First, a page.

What is profoundly different about urban warfare is the terrain. Thinking, tactics, training and technology all need to adapt to a very different situation.
Until recently military thinking was dominated by the 'total war' model of World War II, in which civilian deaths and the destruction caused by heavy bombing were acceptable. One of the differences in modern urban warfare is that avoiding collateral damage has become a major declared objective. This radically changes military rules of engagement.
Serious military thinking about the problems of modern urban warfare is relatively new. The 1976 edition of US Army field manual FM 100-5, Operations, admitted, > This is changing, and the result is tactical thinking which takes into account the special circumstances of three-dimensional warfare.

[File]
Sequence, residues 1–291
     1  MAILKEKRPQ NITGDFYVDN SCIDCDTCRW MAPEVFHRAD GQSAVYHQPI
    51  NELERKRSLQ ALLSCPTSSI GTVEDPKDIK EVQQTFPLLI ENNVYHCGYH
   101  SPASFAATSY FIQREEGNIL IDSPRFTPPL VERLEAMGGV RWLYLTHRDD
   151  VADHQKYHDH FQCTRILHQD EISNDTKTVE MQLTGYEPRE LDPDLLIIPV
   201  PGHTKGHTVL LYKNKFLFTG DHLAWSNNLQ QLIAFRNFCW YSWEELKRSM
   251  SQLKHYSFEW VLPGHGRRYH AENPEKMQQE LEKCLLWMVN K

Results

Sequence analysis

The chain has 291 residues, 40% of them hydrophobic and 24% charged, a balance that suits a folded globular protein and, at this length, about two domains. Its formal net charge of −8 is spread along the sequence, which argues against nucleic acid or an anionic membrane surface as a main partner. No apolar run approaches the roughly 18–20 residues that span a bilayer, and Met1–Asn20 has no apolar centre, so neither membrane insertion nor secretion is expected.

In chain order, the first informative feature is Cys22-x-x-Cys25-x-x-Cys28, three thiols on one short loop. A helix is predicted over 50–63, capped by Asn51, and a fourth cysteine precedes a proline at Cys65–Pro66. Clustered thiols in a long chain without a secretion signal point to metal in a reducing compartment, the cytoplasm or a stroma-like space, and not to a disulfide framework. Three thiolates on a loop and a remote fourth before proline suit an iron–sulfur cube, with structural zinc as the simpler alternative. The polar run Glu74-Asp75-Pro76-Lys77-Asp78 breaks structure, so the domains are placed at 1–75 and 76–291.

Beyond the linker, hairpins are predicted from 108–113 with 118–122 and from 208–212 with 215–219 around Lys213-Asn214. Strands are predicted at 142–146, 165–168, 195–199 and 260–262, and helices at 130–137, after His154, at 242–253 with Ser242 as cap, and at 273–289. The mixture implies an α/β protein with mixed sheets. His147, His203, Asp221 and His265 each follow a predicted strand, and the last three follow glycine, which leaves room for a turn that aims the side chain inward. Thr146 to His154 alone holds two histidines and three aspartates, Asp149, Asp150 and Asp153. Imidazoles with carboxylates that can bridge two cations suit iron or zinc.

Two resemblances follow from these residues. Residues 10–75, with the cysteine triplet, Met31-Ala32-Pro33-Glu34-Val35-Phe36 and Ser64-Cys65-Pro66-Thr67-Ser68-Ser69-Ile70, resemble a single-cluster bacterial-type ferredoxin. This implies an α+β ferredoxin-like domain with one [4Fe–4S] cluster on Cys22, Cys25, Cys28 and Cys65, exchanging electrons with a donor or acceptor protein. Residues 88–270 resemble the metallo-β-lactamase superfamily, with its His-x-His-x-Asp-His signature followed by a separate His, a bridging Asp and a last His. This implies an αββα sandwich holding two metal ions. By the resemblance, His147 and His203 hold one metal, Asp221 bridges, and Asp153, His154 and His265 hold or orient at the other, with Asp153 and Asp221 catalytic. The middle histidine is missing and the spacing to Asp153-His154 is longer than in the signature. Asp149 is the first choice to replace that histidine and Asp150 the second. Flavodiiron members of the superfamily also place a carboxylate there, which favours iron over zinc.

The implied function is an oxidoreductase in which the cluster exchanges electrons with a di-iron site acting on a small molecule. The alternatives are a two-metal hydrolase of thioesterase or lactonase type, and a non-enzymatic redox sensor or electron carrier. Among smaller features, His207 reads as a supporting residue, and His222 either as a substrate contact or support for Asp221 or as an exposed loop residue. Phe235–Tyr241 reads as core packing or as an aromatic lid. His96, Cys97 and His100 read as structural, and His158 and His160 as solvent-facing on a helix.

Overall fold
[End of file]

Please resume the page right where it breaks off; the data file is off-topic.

Two important areas of tactical thinking concern the roles of tanks and aircraft, especially attack helicopters, in modern urban warfare. The lessons of Grozny and the 'BlackHawk Down' scenes in Mogadishu suggest that both platforms are vulnerable in urban operations, but their advocates say that a change in tactics, in particular their use in combined operations, can make both an effective tool.
A 2001 monograph by Major Frank Tate of the School of Advanced Military Studies, United States Army Command and General Staff College, Fort Leavenworth, Kansas, argues that 'attack helicopters have the flexibility, precision...